The Use of Marketing and Policy Instruments

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HomeLearning CenterBusiness and MarketingThe Use of Marketing and Policy Instruments
By Stefan HenckeMore from this author

While firms in the US have busied themselves for decades with marketing goals and tasks, the topic was first taken up in Germany when the retail market that was present immediately after 1945 gradually transformed into a buyer market. These attitudes and ways of thinking were not absorbed into design until the 1990s. There are, however, substantial deficits in practical implementation, precisely in the field of design marketing.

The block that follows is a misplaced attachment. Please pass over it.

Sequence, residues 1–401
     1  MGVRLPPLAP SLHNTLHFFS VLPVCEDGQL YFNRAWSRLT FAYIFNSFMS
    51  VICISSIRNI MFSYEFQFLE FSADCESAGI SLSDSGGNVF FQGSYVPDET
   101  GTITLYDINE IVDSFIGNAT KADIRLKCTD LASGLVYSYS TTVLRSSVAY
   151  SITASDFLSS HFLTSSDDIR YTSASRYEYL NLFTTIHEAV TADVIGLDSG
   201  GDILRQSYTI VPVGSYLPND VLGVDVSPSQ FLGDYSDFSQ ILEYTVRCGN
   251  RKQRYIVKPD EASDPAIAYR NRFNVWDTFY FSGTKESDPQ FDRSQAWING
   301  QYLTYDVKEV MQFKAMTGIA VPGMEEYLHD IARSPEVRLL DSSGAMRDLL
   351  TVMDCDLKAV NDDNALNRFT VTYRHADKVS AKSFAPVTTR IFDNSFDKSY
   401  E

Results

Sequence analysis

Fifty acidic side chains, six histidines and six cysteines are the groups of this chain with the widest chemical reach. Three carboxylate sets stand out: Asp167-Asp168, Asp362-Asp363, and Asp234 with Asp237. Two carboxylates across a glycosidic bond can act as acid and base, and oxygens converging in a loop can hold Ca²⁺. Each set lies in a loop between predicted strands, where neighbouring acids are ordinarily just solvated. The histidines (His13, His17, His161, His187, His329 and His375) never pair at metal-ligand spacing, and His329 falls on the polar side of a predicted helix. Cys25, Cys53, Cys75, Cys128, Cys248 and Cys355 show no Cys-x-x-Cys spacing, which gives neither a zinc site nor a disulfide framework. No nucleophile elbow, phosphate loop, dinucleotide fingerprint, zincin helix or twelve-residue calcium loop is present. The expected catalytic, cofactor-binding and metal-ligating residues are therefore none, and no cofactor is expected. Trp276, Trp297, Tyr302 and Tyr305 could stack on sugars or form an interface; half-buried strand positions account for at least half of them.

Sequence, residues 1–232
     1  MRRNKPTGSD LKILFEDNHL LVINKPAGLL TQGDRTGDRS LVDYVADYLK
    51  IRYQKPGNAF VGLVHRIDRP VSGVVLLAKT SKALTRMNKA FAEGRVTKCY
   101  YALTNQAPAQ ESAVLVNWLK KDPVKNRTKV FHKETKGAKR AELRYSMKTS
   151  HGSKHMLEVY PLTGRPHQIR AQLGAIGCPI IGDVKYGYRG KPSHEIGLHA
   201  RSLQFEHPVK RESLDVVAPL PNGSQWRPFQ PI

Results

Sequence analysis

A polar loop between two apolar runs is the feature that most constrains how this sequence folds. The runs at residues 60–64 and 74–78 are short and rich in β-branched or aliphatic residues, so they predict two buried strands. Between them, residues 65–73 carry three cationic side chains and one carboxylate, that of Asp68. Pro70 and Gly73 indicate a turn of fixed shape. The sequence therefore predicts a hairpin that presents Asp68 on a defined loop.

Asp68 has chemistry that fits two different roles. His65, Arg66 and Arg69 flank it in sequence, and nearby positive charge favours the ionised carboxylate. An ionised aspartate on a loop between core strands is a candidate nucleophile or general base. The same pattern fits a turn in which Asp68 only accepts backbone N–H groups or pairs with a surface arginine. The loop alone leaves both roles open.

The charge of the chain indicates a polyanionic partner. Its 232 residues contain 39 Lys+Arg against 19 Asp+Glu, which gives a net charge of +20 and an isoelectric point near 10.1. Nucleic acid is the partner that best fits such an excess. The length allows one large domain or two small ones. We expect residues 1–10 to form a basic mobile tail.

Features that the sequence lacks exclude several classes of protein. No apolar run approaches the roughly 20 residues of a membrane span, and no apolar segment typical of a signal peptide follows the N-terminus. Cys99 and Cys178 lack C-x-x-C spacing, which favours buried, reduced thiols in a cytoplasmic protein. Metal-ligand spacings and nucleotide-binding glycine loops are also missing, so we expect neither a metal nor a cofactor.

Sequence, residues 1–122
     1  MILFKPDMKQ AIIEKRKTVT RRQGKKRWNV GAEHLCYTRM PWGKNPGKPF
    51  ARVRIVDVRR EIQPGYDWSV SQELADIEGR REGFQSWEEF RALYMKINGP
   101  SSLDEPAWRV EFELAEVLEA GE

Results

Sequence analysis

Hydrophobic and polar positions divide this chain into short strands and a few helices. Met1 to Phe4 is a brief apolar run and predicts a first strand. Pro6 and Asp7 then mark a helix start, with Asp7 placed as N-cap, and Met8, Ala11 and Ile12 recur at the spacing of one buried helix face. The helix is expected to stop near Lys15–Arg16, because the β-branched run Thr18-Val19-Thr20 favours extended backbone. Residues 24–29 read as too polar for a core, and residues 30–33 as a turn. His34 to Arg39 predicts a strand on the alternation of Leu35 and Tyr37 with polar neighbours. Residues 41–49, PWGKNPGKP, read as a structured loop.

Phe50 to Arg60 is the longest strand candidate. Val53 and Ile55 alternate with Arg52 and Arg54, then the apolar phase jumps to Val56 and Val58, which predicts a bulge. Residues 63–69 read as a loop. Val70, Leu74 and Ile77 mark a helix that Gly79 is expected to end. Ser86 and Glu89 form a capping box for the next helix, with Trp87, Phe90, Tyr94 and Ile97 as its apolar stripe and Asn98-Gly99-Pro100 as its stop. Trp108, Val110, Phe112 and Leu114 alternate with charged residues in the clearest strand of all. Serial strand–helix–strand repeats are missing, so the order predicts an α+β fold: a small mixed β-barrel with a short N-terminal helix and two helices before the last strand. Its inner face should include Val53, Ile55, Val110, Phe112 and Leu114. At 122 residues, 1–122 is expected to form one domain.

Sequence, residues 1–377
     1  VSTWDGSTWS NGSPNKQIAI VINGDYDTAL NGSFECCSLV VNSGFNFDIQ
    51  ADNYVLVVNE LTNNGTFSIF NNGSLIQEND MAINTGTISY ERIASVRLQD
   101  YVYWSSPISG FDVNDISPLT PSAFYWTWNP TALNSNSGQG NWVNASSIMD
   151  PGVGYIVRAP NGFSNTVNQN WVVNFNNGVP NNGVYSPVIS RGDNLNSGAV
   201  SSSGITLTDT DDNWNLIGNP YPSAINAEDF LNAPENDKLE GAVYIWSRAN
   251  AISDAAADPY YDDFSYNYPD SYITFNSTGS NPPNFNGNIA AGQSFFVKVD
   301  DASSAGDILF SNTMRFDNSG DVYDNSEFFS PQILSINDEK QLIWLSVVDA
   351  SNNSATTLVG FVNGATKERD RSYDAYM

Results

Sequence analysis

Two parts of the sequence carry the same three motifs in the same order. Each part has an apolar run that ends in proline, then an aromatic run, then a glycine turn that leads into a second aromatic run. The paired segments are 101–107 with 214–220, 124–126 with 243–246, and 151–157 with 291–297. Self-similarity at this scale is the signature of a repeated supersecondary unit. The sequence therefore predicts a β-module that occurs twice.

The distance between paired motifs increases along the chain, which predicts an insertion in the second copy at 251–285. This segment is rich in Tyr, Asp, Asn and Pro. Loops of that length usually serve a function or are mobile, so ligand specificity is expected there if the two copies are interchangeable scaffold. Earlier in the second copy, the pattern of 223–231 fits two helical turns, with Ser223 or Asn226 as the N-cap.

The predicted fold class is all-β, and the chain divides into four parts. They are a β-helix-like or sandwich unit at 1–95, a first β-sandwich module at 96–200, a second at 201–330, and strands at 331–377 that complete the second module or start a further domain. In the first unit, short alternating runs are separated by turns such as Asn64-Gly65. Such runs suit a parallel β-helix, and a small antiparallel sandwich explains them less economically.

policy instruments
Pasquale Bruni

Particularly firms from the design sector must behave systematically and in a goal-oriented fashion on the market. In order to attain short-term, mid-term, and long-term goals, it is recommended to use particular guiding principles for conduct in marketing. These principles are ultimately based on the implementation of marketing and policy instruments in the operating field. And precisely the marketing and policy instruments of product policy, contracting policy, distribution policy, communications policy and marketing mixture must be implemented in a good and sensible relationship with one another and creatively, so that marketing can be successfully practiced in the product and jewelry design sector as well.